Home » Film and Filmmaking » Running Shoes

Running Shoes

Group projects are usually doomed to fail. Everybody wants something different, and when you’re grouped up with two other “leader types”, it takes more than the usual amount of compromising before decisions can be reached. When Brandon Baker, some girl whose name I can’t remember, and myself were paired up, it took us a full two weeks to decide whose idea to go with for our film 1010 project. I had an idea for a short where a guy at a call center attempts to get a girl’s attention in ever-increasing intensity… But I think it may have been too elaborate (I would eventually use that idea for a later short, “Pep Talk”.

Frustrated by the fact that we couldn’t decide whose story to go with, the girl whose name I can’t remember decided to join another group, leaving Brandon and I on our own. That’s when I decided to go ahead and let someone else take over. We were neither going with my idea, nor would I be directing (I didn’t want to if it wasn’t my idea). Brandon and I went with his idea, but only if we could work on the script together to get it in working order.

Brandon, like many other classmates of mine, had never written his own script, and his rough idea about a kid who steals shoes and keeps swapping them out needed some work. Him and I took a couple days in the school library to discuss different ways that he could make the story more compelling (the character needing some sort of goal), and then he went off to write it. It was official, I was a producer now.

As producer, I was trying to get all of the paperwork and legal considerations squared away while he worked on his script. When it came to casting, Brandon opted to take care of most of it himself (thank God) and my one casting contribution to the movie was the inclusion of Cameron as one of the shop keepers.

There was a gigantic issue when it came to the length of the movie. When Brandon had only a rough 3-page outline, that was fine. When he came back to me with a rough 15 pages, that was not fine. Our professor, Tyler Farr, had made it clear that the short could not be over 8 minutes long (each page of a script is roughly a minute of screen time). Brandon let me make some cuts, but he didn’t want to budge on some things that could have been trimmed…

Shooting this epic was a giant pain in the ass. To save time doing coverage, I suggested that we shoot with two cameras at all times to cover the scenes with less set-ups. This we did, and you can see in our final versions which camera each of us preferred, which is kinda funny to me.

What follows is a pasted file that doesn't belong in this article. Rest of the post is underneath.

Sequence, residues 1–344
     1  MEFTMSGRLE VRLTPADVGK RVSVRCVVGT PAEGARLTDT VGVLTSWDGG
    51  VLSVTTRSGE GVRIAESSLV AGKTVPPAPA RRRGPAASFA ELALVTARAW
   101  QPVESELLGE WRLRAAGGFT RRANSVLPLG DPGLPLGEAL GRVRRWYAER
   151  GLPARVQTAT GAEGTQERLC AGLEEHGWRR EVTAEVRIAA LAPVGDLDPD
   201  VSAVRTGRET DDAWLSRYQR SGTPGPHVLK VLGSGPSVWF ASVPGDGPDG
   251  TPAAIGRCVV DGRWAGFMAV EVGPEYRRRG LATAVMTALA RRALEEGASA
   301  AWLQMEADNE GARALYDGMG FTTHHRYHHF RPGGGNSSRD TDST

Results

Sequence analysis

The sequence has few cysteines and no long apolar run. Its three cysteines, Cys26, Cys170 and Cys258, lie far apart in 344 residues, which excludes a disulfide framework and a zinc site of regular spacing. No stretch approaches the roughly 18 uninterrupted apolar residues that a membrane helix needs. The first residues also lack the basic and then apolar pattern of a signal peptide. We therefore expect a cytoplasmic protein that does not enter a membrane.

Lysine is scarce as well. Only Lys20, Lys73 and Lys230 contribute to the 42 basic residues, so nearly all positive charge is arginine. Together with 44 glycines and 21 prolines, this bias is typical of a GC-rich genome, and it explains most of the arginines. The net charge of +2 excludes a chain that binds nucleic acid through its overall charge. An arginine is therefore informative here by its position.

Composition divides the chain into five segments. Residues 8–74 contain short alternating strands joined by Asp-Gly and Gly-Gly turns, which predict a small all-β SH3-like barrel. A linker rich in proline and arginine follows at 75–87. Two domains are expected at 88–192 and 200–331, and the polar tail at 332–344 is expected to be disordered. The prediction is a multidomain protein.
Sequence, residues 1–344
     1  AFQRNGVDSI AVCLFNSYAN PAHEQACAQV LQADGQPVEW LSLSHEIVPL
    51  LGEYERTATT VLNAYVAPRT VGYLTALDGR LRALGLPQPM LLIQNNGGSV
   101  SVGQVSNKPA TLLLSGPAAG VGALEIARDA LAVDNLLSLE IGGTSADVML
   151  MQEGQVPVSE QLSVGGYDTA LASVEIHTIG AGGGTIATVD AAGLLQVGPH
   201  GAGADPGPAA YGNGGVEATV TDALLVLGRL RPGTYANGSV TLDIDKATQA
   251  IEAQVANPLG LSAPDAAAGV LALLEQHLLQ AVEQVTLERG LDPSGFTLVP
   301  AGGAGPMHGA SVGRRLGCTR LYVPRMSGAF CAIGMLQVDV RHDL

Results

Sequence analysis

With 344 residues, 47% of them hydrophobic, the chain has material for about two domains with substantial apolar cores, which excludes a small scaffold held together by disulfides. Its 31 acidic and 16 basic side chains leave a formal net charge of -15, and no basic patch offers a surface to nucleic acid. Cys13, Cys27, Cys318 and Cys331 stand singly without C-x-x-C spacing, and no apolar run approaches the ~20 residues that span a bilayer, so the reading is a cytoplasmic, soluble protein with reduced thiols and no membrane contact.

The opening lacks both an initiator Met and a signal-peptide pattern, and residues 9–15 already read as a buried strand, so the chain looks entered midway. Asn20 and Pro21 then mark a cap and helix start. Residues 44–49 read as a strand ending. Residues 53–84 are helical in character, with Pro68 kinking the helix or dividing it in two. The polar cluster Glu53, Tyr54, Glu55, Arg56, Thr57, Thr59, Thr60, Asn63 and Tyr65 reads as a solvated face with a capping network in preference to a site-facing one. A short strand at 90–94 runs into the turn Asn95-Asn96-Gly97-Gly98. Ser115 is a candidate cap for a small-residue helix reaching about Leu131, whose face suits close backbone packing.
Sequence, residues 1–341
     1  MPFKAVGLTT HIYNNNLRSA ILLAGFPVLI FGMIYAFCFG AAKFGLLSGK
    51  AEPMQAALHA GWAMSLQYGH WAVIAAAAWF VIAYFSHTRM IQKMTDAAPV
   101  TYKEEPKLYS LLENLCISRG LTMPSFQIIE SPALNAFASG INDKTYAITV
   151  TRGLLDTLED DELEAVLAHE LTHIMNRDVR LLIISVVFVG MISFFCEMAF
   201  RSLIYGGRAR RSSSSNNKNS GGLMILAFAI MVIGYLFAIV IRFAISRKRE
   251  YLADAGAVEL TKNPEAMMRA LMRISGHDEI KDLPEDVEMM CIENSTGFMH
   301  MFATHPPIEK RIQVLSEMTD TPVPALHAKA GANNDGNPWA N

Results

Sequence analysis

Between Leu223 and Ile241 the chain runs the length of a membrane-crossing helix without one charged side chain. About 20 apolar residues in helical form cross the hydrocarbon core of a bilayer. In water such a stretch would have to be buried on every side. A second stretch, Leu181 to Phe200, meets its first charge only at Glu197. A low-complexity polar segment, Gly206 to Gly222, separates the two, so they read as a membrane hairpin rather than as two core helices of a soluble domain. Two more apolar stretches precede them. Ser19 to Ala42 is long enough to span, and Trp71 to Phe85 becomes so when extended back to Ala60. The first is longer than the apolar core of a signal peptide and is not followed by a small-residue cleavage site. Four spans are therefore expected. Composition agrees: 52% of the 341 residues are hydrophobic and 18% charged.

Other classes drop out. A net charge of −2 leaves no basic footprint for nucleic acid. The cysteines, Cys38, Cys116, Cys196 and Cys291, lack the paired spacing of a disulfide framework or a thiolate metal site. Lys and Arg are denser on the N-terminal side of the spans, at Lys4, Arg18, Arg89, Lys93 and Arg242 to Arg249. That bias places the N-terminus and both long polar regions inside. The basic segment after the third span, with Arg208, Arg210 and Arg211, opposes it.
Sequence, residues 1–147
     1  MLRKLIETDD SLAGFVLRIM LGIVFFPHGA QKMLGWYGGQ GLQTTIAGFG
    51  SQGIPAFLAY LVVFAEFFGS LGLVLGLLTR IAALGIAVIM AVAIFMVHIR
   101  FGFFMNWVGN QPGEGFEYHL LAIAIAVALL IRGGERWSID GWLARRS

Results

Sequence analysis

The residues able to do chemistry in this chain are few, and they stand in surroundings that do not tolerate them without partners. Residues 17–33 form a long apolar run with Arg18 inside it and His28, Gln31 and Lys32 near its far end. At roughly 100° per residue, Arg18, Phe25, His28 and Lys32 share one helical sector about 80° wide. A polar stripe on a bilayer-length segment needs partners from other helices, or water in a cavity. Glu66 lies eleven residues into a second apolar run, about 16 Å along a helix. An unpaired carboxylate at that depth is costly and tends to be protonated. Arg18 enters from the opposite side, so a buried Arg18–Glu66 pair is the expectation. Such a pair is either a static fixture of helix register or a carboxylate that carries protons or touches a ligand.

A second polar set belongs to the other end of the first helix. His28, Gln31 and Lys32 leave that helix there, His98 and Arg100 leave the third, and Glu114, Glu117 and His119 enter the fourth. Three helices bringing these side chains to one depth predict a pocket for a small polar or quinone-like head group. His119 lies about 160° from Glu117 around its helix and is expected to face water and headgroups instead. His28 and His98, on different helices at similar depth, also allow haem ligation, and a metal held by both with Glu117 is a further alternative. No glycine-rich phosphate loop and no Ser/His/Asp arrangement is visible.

Our lead Andrew Robinson was a mensch, and we had a lot of fun with him and the other actors; and besides the fact that it was December and thus fucking freezing outside when we shot, some scenes had to be shot twice, and for two scenes in this production that was way too big for only two people to take on, the shoot was a lot of fun.

Some things I learned: the two-camera method is 1, very hard to light but 2, is amazing for editing. Don’t shoot a movie that takes place half outdoors in the winter (my sympathies for the crew of “The Revanant”). Don’t tell an actor to just do something using the line “I’m the director” (this happened once, no big deal, we all have things we need to learn). Lastly, get the script down to a manageable length or else…

…You’ll be killing yourself trying to edit the movie down without ruining it. Tyler Farr had told us that each of us needed a separate edit (I still can’t fathom why), and boy when I got that footage and pulled it into a 17 minute rough ROUGH cut was I concerned… I didn’t know what Brandon was gonna do, but I had to do something drastic. I don’t know where I got the idea, but I decided to make the damn thing a silent film, which would allow me to cut all of the dialogue down to some title cards and make it stand out from Brandon’s cut.

Editing this short nearly killed me. Everything was always behind: getting the idea going, getting the script together, getting it cast, finding locations, finishing all that evil paperwork that makes the film legal–which I had never done before, of course–and lastly editing the film down 3 times in order to get it under 8 minutes. Yeah, this was a giant pain.

The day we showed them to the class, Tyler Farr decided to save them until last, given the fact that “These two guys made The Hobbit” in comparison to the rest of his students. Mine was shown first, to pretty good praise. Unfortunately, the longer, true-to-what-we-shot director’s cut came next. Not that Brandon’s version is bad, but after watching two long shorts in a row, the class was feeling a bit tired of Kit’s shoescapades. Although I would like to add that there is something cool about watching two VASTLY different cuts of the same movie in a row.

This is my blog, so mine will go first, but watch them in any order you like:

My Cut:

Brandon’s Cut:

Oh and way-to-go Brandon for sticking to his guns, I was too much of a puss to have it be over 8 minutes long.

Leave a Reply

Your email address will not be published. Required fields are marked *


This site uses Akismet to reduce spam. Learn how your comment data is processed.